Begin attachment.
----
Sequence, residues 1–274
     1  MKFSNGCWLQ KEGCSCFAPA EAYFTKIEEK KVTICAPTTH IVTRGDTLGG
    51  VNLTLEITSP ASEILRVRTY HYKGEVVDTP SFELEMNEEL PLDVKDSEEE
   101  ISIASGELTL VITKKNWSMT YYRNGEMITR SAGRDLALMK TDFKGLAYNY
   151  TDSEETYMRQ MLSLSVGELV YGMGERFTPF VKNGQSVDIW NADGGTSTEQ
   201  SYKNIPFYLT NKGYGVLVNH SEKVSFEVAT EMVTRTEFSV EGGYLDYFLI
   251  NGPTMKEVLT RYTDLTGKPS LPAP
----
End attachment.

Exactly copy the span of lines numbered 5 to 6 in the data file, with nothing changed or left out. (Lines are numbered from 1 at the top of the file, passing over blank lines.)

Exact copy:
   151  TDSEETYMRQ MLSLSVGELV YGMGERFTPF VKNGQSVDIW NADGGTSTEQ
   201  SYKNIPFYLT NKGYGVLVNH SEKVSFEVAT EMVTRTEFSV EGGYLDYFLI